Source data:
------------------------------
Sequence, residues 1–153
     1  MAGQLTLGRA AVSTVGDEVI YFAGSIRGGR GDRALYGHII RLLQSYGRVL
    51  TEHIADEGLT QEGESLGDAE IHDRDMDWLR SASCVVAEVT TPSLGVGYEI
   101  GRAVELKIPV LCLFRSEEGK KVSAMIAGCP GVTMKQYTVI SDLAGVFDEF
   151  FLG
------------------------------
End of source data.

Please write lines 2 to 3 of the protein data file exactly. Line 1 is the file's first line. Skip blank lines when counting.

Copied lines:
     1  MAGQLTLGRA AVSTVGDEVI YFAGSIRGGR GDRALYGHII RLLQSYGRVL
    51  TEHIADEGLT QEGESLGDAE IHDRDMDWLR SASCVVAEVT TPSLGVGYEI